One of our son’s best friends had a growth spurt last week. Many people may not notice because vertically, Cameron is the same exact size. A lanky 5 foot 10 inch 7th grader with an easygoing gait and a perpetually ready smile.
Cameron’s height did not change, but his confidence shot up and his responsibilities grew.
You have to have nerves of steel to run for class president in middle school. Opening yourself up for (perceived) rejection, failure, or embarrassment makes it that much harder since all the candidates and their constituents are suffering from chronic puberty.
Definitely one of my favorite parts of being a parent has to be watching not only my own kids grow, but witnessing the astounding growth of their friends. Rooting for them as they navigate their way through the maze from childhood to adulthood.
Cameron, along with the other kids running, came up with a slogan, hung posters and prepared a speech.
A big step in the election was candidates’ speeches. Cameron was nervous as he began. Despite the uneasiness which began to envelop him, causing him to stumble on words, and lose his train of thought a few times, Cameron made it through to the end. He got the most important message across as when he said, “I will listen to every concern you have” and “I will be your voice.”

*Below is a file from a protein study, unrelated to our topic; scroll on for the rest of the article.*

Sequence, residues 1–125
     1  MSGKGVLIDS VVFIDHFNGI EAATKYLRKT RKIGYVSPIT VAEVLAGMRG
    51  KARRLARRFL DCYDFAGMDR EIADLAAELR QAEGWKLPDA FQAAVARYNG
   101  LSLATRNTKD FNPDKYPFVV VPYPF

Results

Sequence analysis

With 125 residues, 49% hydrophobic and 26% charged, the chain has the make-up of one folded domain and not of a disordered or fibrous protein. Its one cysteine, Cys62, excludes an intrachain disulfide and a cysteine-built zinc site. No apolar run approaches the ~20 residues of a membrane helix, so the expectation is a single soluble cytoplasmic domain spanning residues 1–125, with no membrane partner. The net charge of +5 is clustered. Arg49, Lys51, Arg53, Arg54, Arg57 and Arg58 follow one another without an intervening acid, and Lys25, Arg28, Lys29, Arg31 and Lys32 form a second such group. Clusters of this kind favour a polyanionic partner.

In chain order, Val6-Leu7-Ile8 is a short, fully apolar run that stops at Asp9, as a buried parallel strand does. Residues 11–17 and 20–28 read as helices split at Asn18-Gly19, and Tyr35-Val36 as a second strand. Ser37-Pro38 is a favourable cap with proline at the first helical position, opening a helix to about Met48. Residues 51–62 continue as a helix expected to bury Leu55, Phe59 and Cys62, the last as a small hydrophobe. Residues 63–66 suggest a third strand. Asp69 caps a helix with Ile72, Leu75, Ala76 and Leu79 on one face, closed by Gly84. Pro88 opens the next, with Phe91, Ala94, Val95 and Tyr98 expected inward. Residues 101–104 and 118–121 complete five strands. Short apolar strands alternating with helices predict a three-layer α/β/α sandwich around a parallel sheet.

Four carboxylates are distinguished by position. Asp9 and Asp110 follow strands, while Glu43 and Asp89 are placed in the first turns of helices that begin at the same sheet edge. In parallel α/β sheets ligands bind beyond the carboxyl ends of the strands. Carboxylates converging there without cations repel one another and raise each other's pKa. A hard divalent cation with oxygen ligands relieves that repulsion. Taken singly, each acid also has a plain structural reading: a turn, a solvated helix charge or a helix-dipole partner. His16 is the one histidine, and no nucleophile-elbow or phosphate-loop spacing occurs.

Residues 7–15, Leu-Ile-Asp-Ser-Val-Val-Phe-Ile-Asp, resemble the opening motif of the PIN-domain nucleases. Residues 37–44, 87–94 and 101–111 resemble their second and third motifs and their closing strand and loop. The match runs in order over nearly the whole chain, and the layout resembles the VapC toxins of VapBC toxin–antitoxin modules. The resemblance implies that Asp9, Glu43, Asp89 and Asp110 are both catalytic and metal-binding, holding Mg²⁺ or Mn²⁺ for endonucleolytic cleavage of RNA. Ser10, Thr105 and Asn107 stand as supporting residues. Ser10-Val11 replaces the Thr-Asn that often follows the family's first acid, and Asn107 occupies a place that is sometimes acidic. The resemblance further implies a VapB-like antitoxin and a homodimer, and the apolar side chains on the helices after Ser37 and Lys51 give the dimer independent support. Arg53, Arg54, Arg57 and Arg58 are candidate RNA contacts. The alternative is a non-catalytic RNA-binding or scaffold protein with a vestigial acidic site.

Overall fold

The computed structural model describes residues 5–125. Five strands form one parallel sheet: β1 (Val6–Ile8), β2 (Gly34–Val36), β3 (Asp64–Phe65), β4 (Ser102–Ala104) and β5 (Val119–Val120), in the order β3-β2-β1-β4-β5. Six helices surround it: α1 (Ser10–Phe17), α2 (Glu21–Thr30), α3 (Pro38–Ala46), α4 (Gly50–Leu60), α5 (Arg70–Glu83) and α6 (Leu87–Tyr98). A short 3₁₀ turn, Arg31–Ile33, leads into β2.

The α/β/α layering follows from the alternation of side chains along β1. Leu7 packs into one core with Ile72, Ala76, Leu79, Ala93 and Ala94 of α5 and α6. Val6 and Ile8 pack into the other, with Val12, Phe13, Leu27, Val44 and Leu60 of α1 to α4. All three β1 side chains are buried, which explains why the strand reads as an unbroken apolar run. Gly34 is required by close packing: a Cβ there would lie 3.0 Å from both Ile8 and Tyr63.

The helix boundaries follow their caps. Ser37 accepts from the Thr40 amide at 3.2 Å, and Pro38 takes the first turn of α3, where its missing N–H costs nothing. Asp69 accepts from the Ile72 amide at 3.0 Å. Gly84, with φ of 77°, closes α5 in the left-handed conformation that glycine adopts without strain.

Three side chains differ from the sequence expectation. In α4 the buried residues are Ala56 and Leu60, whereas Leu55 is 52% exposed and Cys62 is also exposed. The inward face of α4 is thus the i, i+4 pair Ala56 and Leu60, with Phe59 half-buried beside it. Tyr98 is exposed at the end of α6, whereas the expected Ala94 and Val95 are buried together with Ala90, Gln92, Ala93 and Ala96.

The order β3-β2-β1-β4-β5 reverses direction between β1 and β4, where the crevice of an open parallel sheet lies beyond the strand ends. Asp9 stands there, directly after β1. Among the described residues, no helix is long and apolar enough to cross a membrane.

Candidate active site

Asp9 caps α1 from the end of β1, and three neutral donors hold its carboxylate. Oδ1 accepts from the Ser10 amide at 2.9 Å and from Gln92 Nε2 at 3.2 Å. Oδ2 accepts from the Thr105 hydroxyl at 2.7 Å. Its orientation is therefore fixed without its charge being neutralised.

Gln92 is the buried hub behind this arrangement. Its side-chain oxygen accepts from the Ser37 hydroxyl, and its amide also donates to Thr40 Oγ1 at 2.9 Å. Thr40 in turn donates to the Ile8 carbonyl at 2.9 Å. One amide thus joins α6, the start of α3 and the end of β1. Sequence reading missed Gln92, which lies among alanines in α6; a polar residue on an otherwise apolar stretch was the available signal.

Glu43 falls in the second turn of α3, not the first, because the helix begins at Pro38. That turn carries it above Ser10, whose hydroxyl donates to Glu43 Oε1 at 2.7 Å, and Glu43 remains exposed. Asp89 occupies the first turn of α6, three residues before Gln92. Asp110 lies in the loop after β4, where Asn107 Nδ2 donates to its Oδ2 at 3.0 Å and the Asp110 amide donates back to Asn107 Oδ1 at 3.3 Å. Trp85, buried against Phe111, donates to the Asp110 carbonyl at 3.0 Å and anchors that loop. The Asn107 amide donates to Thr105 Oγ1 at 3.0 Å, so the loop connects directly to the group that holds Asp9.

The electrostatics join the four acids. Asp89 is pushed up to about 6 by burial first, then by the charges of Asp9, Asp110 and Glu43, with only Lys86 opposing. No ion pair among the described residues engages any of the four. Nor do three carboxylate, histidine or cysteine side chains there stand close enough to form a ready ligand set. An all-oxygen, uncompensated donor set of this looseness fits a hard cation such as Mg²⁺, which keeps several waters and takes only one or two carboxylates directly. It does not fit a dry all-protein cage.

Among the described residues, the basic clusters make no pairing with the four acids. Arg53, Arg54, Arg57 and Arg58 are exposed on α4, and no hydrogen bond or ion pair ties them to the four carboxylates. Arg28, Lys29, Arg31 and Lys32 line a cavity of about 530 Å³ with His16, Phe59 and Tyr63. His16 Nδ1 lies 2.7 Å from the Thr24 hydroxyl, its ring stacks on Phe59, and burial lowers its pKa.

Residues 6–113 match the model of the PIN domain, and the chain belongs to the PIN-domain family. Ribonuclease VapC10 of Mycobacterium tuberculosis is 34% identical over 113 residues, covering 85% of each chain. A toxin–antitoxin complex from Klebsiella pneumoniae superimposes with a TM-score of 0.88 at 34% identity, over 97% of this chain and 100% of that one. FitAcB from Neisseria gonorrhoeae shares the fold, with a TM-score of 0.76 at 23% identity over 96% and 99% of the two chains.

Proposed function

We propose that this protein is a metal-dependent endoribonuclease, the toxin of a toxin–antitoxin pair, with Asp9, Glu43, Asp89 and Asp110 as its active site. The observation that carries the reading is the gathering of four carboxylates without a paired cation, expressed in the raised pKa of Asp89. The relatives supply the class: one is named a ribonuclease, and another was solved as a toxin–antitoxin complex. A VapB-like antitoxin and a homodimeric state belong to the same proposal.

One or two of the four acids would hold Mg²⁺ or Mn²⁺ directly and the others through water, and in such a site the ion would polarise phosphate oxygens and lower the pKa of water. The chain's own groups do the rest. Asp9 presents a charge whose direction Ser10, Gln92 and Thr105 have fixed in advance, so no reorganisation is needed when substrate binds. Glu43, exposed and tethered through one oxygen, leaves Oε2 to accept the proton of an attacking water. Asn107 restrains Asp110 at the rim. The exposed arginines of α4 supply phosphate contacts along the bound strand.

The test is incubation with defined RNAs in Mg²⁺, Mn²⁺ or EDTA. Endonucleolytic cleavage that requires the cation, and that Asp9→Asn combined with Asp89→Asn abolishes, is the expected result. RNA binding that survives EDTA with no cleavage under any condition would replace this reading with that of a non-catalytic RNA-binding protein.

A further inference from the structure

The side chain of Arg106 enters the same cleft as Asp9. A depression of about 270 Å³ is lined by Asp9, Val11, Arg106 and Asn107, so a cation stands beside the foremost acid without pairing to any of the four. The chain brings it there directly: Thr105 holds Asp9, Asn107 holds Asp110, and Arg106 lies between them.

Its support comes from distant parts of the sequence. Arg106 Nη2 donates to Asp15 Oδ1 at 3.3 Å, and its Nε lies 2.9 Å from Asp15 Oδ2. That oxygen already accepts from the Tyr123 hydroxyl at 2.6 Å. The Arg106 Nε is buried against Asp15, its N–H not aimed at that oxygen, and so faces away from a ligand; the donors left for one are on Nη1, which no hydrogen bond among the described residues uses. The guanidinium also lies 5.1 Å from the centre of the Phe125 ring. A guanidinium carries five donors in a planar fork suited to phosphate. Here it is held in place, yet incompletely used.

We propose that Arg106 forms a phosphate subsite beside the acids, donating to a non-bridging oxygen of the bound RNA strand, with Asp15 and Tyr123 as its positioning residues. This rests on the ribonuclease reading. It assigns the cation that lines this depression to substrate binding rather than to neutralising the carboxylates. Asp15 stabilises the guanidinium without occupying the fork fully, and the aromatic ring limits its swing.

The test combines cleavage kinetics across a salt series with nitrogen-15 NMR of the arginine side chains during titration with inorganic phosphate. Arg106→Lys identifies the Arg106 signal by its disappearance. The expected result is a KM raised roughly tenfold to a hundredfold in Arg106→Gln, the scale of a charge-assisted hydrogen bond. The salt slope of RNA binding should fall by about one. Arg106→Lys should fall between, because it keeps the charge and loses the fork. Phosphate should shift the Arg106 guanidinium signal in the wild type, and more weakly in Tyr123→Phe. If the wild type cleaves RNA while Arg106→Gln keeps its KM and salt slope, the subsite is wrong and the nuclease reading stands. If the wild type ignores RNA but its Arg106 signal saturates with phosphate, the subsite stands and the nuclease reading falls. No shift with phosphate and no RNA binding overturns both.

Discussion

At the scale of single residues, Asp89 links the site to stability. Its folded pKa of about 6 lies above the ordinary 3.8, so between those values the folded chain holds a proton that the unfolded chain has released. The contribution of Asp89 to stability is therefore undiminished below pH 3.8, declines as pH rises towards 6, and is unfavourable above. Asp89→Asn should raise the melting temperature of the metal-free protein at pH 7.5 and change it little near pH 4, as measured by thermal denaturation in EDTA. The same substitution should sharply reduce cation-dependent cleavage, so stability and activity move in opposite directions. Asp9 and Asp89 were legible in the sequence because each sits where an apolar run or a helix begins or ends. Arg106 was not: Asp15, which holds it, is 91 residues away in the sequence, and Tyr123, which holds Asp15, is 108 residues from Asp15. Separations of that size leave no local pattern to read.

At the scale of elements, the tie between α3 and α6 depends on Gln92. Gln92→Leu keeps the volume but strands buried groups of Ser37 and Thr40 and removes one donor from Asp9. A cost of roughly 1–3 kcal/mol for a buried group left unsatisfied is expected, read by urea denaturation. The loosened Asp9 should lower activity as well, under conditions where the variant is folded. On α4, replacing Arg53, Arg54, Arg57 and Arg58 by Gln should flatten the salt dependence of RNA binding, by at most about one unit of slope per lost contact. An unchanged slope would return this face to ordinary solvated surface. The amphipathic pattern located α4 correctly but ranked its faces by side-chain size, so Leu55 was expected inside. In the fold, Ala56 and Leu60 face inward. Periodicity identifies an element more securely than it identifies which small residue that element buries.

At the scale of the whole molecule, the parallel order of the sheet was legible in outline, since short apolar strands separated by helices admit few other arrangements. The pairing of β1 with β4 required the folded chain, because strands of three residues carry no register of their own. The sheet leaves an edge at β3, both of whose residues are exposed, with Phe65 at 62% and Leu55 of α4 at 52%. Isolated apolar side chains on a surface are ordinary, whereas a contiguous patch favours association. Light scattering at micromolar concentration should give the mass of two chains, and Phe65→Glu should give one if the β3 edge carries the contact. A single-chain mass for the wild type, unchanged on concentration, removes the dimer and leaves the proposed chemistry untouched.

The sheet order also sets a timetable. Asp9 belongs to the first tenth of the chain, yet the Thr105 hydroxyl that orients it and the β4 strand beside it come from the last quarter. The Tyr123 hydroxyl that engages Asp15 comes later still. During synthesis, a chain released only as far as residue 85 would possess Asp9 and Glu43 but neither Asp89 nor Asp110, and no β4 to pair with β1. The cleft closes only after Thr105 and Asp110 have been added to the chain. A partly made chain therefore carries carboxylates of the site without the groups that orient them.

He got in his mom’s car at the end of the day with an overwhelming feeling that he’d blown it. Big time.
Only a parent can actually physically feel the pain their child experiences when he feels like he’s failed.
Two days later, the results were announced.
Cameron won the election. He is officially the president of the 7th grade.
What Cameron didn’t realize when he thought he failed at delivering his speech was that his victory started long before that moment. The kids in the audience who have known Cameron for years, were already are familiar with his platform. He stands for kindness to all and being yourself. His voting record preceded him: pro-laughter, anti-conceit. Cameron, never one to get caught up in his ratings with other people, does not adjust his personality according to who he is with.
We old folks have a word for that: Integrity.
People notice and remember a kind word, a pat on the back, a helpful hand, a generous act more than they remember one poorly delivered speech. So when Cameron said, “I will listen to every concern you have” and “I will be your voice,” the kids had good reason to believe Cameron meant what he said.
And now, leading his fellow 7th graders, Cameron will be working with others, making decisions, executing his plans, talking in front of people, meeting with the head of school. … Why, he’ll be growing like a regular weed.
It is always amazing how much kids grow from year to year. The inches and pounds are fun to watch, but more compelling is the maturing of a child’s character. The willingness to take a risk, go out on a limb, and try something new. Risk taking is like Wheaties for the spirit. Keeps you growing strong and healthy.
Upon further reflection, I would like to I retract my original statement regarding Cameron’s recent spurt. I think that in fact he may have grown vertically after all.
He is holding his head a bit higher these days.